India dreams of success with 'chateau mango'

Researchers in northern India say they have developed a wine made from mangoes that they hope might one day compete with the traditional grape-based variety.

Scientists at the Central Institute of Subtropical Horticultural Research in Lucknow have produced wines using three types of mango native to the local state of Uttar Pradesh - the Dussehri, Langra, and Chausa.

India is the world's largest mango producer and is home to nearly 1,000 varieties of the succulent and juicy fruit - something the researchers hope could be harnessed into a new drinks industry.

"We thought if France, Italy or Australia had made a mark for themselves as leaders in the wine industry, essentially because of their abundant grape produce, why don't we try out our skills with the huge quantities of mango grown in this region?" Neelima Garg, who led the research team, told AFP.

"Just as each of the mango varieties taste different, each of the wines too varies in taste as well as in flavour," added Garg, who has been working on the project for the past two years.

Indian mangoes come in all hues, shapes and sizes, from the the pale-fleshed Safedas, "the white ones," or the deeper-toned, sweeter Chausa that can be sucked like a packaged drink.

The mango most familiar to overseas fans of the fruit is likely to be the the pricey Alphonso, which some Indians call the "king" among fruit.

The main problem researchers in Lucknow faced was treating the viscous mango pulp to make it thin enough to pass as wine.

"The process of fermentation is not very tough as mango contains huge quantities of sugar, which is the basic source of alcohol, but balancing the viscosity is what needs to be done very carefully," she said.

Alcohol content in the slightly yellow, sweet drink is 8.0-9.0 percent, lower than a typical wines made from grapes which generally range from 10-15 percent.

Wine is a relatively new entrant in the Indian alcohol market, which is dominated by whisky, but industry insiders expect consumption to rise exponentially, particularly in urban areas.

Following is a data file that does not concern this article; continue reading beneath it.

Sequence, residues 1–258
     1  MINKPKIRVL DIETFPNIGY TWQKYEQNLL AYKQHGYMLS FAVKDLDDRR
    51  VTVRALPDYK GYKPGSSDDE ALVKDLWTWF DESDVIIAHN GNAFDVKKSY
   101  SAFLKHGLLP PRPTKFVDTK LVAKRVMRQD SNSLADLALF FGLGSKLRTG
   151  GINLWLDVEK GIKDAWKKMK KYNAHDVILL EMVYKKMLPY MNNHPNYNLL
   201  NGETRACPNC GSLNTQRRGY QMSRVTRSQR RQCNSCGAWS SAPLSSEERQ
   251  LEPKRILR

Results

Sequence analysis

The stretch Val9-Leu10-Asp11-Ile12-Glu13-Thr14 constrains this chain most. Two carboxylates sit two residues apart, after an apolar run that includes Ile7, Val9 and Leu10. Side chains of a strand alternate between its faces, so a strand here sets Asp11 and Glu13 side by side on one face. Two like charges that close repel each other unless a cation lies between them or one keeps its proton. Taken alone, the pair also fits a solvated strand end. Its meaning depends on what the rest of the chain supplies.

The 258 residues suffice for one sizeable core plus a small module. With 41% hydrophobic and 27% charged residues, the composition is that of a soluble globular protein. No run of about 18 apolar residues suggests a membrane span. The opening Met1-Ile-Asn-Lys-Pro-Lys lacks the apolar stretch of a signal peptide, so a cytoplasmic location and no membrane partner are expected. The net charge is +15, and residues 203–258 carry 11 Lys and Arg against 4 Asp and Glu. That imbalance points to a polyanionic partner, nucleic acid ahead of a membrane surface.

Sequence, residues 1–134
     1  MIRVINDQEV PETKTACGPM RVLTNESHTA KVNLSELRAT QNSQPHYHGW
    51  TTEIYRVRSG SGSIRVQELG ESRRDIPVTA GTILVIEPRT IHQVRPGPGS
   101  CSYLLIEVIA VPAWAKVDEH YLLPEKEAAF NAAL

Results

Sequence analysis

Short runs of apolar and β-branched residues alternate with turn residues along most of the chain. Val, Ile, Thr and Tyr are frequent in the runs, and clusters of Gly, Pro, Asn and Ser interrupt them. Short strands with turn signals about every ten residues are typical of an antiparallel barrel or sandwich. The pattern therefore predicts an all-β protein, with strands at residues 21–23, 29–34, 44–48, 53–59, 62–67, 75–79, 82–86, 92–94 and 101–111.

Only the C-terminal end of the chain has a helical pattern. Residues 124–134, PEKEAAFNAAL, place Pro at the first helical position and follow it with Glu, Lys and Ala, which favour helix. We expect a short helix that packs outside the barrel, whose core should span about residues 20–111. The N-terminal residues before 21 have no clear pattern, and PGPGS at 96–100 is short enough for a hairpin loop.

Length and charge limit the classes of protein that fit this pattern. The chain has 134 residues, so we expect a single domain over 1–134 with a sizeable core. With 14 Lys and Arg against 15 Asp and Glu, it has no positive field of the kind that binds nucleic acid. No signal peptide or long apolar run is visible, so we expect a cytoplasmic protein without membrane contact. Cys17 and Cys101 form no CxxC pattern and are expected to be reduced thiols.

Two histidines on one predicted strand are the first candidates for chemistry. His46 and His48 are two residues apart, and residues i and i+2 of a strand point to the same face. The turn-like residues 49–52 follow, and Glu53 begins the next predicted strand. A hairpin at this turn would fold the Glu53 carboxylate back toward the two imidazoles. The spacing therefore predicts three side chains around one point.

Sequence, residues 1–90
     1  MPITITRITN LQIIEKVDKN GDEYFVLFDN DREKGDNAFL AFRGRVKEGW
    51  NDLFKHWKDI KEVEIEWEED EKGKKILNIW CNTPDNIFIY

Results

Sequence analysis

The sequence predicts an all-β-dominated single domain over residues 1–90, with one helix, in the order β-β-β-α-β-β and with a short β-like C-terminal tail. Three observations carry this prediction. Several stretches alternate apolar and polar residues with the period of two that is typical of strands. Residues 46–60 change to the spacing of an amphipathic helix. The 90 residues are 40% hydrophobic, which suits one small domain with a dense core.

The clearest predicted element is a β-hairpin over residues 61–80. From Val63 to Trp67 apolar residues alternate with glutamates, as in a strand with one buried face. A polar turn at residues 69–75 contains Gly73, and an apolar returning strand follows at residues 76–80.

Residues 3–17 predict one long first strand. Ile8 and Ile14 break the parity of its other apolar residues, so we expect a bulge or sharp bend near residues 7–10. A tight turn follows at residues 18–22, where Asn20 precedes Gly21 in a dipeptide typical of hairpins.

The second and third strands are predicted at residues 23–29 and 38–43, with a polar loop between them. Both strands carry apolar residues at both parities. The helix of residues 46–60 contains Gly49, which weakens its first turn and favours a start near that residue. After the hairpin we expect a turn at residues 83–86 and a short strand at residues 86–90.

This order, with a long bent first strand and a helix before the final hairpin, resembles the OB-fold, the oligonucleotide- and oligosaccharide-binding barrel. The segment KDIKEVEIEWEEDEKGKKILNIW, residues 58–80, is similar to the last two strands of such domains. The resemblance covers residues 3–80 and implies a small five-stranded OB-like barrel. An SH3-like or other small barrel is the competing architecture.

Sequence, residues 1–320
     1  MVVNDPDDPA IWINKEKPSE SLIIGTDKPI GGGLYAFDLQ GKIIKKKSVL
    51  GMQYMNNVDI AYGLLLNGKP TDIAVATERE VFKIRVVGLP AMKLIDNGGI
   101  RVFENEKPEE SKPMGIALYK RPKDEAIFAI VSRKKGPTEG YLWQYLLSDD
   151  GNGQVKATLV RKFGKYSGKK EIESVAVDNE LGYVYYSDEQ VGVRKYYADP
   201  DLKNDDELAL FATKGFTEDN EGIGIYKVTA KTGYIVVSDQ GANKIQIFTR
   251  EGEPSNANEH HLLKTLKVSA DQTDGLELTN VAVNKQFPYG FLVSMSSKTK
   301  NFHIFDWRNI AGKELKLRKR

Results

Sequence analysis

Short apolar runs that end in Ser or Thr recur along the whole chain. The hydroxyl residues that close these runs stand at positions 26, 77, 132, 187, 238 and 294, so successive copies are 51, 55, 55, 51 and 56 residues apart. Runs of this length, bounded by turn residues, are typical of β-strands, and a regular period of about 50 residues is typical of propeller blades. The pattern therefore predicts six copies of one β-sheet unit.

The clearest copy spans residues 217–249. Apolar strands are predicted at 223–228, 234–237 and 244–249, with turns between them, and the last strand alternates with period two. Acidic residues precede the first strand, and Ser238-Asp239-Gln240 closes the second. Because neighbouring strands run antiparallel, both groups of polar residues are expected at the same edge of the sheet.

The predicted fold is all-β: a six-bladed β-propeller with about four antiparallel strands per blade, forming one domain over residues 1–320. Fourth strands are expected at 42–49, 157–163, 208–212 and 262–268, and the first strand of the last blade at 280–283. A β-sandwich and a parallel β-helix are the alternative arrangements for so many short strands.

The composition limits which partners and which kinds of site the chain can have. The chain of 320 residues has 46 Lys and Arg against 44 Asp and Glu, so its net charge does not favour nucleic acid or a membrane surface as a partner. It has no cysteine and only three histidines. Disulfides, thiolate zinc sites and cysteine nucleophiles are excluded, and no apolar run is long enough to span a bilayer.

The main Indian wine-growing region is in the western and southern states of Maharastra and Karnataka, where the biggest domestic producers, Grover and Sula, are based.

They, like other smaller producers, have imported European technology and know-how as they develop into major producers for a domestic market that is still highly protected.

Imported wine is hit with heavy duties that can double the price of a bottle, making it difficult for low and medium-range New World and European producers to enter the enticing market.

"India has embarked on a wine adventure," Kapil Grover, owner of Grover Wines, which has 165 hectares (410 acres) of vineyards in Karnataka, explained to AFP earlier this year.

Wine-tasting sessions and wine clubs are spreading through the cities.

Researchers in Lucknow and elsewhere are hoping that this adventure could include more exotic wines made from mangoes, blackberries or even apples.

Manish Kasture is part of a team of scientists based at the state-funded Dapoli University in western India.

He is applying for patents on wine made from cashew apples and blackberries. He also has a mango wine in the pipeline, but "it needs some fine-tuning," he explained.

"Grape wine is available all over the world," he said, "but these wines are healthier. They have antioxidants and vitamins."

In Lucknow, institute director H. Ravishankar believes that it will "surely be a big draw with all fond of good liquor," and hopes to ink a deal with a commercial wine producer.

Wine specialist and president of Delhi Wine Club, Subhash Arora, sniffed at the proposed new brew.

"It is certainly feasible to make wine from mangoes," he said. "The issue is the quality, flavour, spoilage and marketing. This will be a niche market at best and unless the basic wine market develops, there is not much scope.

"Himachal Pradesh (in northern India) already makes fruit wines and barring apple wine, others are barely drinkable - if at all."

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